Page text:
The fact that these companies are taking different approaches and making progress is great for the industry. The U.S. wireless carriers are committed to 5G, and it is about to pay off in a big way.
Apple’s 5G-enabled iPhone is set to launch in the fall. When that happens, we’ll see the wireless carriers begin to aggressively sell 5G smartphones and data plans.
And they will each have a diverse product mix of 5G smartphones for consumers to choose from. The 5G iPhone and other high-end smartphones will be in the $1,300–1,400 range. And there will also be low-end 5G phones down in the $400 range.
Consumers will have a wide range of options. And that’s the recipe for fast adoption.
I expect the 5G refresh cycle – consumer upgrades from 4G to 5G smartphones – will be faster than any previous cycle. That will be a boon to the wireless industry as well as our top 5G investments.
Uber’s latest acquisition… Here’s the rub
Back in May, we talked about how Uber was making a takeover offer for Grubhub, which was the “original gangster” of food delivery services.
Uber planned to combine Grubhub with Uber Eats, hoping that scale would make its food delivery business profitable. Combined into one entity, Uber Eats and Grubhub would be the largest food delivery company in the U.S.
Well, Uber lost the Grubhub acquisition to a European food delivery company that was willing to pay a higher price than Uber.
So what did Uber do in response? The company went out and bought Postmates for $2.65 billion. It got the consolation prize.
The Postmates acquisition will leave DoorDash in the top spot as the largest delivery company in the U.S. The combined Uber Eats/Postmates will be number two. And Grubhub with be number three.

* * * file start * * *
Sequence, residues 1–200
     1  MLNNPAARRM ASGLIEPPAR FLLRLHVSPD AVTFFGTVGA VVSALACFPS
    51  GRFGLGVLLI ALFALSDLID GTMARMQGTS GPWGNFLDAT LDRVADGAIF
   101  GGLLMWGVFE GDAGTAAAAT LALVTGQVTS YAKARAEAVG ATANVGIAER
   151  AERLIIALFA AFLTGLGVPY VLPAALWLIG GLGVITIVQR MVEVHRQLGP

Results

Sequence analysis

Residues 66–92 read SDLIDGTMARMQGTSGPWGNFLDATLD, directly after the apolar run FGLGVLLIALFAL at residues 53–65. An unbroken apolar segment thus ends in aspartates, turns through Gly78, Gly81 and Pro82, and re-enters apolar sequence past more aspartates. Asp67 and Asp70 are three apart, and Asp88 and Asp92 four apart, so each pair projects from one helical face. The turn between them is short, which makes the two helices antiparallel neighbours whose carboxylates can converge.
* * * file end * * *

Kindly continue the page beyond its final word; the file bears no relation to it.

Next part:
That said, this was a foolish acquisition.
Postmates was a failing company. And it only had a meaningful market share in three major metropolitan areas in the U.S. – Miami, Los Angeles, and Phoenix.
Uber even had to give the company a bridge loan just to stay afloat while the acquisition closes. That tells us Postmates was running out of money. Uber basically bailed it out. What was Uber thinking?
Here’s my read on this…
Uber has not done well since Dara Khosrowshahi took over as CEO back in 2017. Khosrowshahi was supposed to be a high-performing executive who would get the company firing on all cylinders. That hasn’t happened.
Think about this – Uber was worth $70 billion after its Series G venture capital round in December 2018. Today, the company’s enterprise value is just $56 billion. Plus, the stock is down around $33 per share after going public at $45.
Uber is worth materially less today than when Khosrowshahi took the reins. So now he is reaching for revenue. That’s what executives do when they say they can pull off a miracle but don’t – they often go out and buy revenue under the guise of “strategy.”
That’s what this Postmates deal is about. It’s being done for show so that Khosrowshahi can appear to be doing something strategic. And after the failed attempt to acquire Grubhub, Khosrowshahi got desperate to make something happen.
And that leads me to the rub…
Uber has an uphill battle to fight. The company is $7.5 billion in debt, and it will burn through $5.6–5.7 billion this year and next year. With just $9 billion on the balance sheet, Uber will eventually need to scramble to raise more money.
I hope it goes without saying, but I won’t be recommending Uber to any of my readers right now.
So we’ll keep an eye on this situation. But I wouldn’t be surprised if Uber finds a new CEO within the next 12–18 months…
Editor, The Bleeding Edge